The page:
Mitchell introduced the testimony of WFI's accountant, his lawyer for the 2000 bankruptcy, and a neighbor. The accountant provided information about WFI's tax returns, which showed that Kathy was the owner of WFI in 1998. Mitchell's bankruptcy lawyer acknowledged that Mitchell did not provide him with information about the transfer of WFI, the company's payments on Mitchell's debts, or Mitchell's position as WFI's president. The lawyer opined, however, that a transfer in 1998 would not have been voidable. Mitchell's neighbor testified that Mitchell talked to him about transferring WFI to Kathy in 1998, and that Kathy was in charge of WFI's money.
In the closing argument, Mitchell depicted his prosecution as the product of a nasty divorce. He attacked Kathy's credibility. He suggested that the Assistant United States Trustee Janet Reasoner was biased against him because Reasoner's sister-in-law, Carroll Reasoner, was one of Kathy's lawyers. According to Mitchell, Kathy was the owner of WFI, but the parties had a family agreement about how it was to be run. The last part of his argument focused heavily on the materiality of the alleged false statements.
The district court submitted a different verdict form to the jury than it had during the first trial. As to each of the three theories, the verdict form asked the jury to make a finding of guilty or not guilty. The instructions provided a definition of materiality and gave materiality as an element of the offense, but there was not a special interrogatory on the topic.
The jury found Mitchell guilty as to each of the three theories. Mitchell moved for acquittal, arrest of judgment, and a new trial. The court upheld the verdict as supported by the evidence and not barred by the Double Jeopardy Clause. It rejected his argument that he was entitled to an advice of counsel defense. Because it found that its rulings were not erroneous, the court denied a new trial.
Mitchell raises six points on this appeal. For his first and third points, he argues that he should have been acquitted based on the jury's findings in the first trial. In his second and fourth points, he argues that the Government's evidence was not sufficient to prove materiality or his ownership of WFI at the time he filed his bankruptcy petition. He further argues, in points five and six, that his answers to the questions in the bankruptcy documents were objectively reasonable, and that the district court should have submitted an instruction on the advice of counsel defense. For the reasons given below, we affirm the district court's judgment.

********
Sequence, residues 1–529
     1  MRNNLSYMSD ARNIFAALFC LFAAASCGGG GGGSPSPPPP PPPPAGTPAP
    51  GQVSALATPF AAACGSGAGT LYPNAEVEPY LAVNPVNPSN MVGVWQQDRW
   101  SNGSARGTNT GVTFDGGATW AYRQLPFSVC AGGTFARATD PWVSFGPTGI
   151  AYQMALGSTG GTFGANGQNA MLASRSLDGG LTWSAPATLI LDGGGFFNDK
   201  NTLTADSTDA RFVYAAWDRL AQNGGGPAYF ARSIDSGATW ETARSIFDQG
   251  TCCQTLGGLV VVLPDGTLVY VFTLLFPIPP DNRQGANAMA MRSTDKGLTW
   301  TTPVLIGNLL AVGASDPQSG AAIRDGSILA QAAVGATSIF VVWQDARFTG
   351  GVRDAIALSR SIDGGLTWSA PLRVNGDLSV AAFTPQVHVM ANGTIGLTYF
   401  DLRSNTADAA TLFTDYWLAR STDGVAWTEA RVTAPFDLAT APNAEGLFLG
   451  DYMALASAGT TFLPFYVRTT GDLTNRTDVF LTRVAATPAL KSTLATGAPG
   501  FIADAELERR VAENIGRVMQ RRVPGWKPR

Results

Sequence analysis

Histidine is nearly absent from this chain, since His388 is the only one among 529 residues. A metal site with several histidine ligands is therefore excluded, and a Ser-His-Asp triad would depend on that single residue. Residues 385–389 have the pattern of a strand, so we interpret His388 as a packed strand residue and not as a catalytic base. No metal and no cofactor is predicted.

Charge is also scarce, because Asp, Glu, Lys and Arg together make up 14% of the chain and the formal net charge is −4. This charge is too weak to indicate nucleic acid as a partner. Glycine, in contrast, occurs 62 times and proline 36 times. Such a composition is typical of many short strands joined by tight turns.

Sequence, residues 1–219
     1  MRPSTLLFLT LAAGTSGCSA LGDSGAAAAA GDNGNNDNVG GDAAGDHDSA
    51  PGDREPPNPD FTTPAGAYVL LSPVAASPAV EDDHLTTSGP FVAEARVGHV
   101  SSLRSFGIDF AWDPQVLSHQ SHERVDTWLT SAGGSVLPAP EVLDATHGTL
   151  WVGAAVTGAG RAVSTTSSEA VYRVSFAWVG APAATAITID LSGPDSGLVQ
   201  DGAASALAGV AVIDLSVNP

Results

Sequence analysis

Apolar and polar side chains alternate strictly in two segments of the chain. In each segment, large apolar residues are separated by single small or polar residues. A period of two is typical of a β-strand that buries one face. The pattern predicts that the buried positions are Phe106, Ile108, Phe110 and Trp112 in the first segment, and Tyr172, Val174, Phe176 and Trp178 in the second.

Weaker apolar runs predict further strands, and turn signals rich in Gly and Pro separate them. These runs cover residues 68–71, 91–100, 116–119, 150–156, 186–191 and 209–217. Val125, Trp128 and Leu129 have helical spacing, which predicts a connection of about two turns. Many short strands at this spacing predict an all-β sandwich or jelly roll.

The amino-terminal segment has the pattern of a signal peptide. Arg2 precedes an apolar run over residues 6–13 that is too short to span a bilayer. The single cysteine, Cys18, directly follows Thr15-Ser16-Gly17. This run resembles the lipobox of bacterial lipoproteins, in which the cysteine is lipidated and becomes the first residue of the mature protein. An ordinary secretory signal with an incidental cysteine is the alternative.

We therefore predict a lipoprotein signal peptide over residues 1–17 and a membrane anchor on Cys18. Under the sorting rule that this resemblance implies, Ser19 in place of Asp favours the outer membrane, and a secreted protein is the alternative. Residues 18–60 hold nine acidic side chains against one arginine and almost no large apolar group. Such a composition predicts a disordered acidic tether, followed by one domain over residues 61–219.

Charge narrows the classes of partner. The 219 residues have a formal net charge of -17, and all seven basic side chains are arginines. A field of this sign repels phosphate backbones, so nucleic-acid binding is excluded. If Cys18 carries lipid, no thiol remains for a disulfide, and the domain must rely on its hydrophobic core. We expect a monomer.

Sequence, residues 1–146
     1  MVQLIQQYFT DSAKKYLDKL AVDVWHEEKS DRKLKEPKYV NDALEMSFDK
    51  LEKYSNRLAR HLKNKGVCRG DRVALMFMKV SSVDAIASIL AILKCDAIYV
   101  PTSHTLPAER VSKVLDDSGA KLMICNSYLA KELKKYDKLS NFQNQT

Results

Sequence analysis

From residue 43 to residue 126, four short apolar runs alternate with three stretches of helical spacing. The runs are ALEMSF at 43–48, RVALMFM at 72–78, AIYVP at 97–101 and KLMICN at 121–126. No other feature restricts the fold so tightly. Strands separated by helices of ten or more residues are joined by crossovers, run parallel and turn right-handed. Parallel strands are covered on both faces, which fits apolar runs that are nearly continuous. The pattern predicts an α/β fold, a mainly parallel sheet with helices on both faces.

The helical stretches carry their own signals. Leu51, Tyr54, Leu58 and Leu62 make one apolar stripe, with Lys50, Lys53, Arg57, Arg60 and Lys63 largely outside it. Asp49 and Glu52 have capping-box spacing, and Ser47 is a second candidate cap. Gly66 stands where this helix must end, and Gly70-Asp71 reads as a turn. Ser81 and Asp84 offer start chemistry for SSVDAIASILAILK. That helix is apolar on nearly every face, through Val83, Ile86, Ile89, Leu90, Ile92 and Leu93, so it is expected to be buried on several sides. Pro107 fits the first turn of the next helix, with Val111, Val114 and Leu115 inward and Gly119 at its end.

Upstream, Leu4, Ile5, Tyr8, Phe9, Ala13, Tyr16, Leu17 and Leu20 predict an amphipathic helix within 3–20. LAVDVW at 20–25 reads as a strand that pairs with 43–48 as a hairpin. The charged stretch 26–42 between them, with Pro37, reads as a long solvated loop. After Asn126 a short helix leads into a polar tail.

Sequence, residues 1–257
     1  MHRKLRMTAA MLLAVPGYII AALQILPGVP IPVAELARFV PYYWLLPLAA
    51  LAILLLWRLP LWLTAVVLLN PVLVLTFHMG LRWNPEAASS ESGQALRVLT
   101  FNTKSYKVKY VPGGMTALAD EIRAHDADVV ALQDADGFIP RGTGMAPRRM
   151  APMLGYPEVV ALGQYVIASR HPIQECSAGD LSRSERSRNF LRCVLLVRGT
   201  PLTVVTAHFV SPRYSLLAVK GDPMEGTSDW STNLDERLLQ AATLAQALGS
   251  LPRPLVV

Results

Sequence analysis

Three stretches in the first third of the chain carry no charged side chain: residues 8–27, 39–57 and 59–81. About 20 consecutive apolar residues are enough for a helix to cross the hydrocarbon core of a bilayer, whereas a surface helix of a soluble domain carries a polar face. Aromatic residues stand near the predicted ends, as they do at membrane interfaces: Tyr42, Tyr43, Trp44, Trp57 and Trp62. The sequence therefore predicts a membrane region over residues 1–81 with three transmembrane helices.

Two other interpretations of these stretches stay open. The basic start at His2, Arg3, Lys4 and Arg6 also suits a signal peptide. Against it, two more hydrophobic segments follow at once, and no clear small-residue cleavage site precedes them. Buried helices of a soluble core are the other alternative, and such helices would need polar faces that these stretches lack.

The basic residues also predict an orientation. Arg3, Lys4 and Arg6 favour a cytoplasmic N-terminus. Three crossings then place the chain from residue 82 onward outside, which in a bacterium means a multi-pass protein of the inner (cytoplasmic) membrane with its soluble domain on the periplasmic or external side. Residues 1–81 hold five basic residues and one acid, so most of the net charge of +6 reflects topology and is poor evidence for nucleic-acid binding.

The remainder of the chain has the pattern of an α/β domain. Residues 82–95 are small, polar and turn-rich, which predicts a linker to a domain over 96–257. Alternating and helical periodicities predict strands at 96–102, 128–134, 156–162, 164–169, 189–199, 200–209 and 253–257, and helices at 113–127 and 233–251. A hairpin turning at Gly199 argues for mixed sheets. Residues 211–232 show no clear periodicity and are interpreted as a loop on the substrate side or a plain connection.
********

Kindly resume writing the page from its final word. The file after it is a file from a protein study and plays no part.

In his first and third points, Mitchell offers a renewal of the double jeopardy issue that was before us in the first appeal. See Mitchell, 476 F.3d at 544-45. As we discussed in that decision, the jury in the first trial did not unanimously find that his false statements were material. Mitchell also points out that the first jury did not unanimously find that there was a false declaration that he did not have an ownership interest in WFI. He argues that in the first appeal, we did not consider whether there is a presumption that a jury's verdict is unanimous or whether the district court's decision violated principles of fundamental fairness.
In the first appeal, we reasoned that the language of the third interrogatory was “not susceptible to discerning just what, specifically, the jury found; we know merely that it was unable to unanimously agree beyond a reasonable doubt that the statements were material.” Id. at 545. By the same logic, all we know from the second interrogatory is that the jury was not able to unanimously agree that Mitchell made a false declaration as to his ownership interest in WFI. The language does not suggest that the jury unanimously found a reasonable doubt on this issue.
We will adhere to a decision in a prior appeal of the same case unless a party introduces evidence that is substantially different, or the prior decision is clearly erroneous and manifestly unjust. United States v. Bartsh, 69 F.3d 864, 866 (8th Cir.1995). Mitchell's arguments may be slightly different, but the evidence is not. Nor has he persuaded us that our prior decision was clearly erroneous or manifestly unjust. We decline to revisit the double jeopardy issue. See United States v. Washington, 197 F.3d 1214, 1216 (8th Cir.1999).
The second and fourth points in Mitchell's brief relate to the sufficiency of the Government's evidence to sustain the conviction. He argues that there was insufficient evidence that the false statements were material, and insufficient evidence to support the first theory, that Mitchell owned WFI. We review the sufficiency of the evidence de novo, and will reverse only if no reasonable jury could have found the defendant guilty. Johnson, 450 F.3d at 372.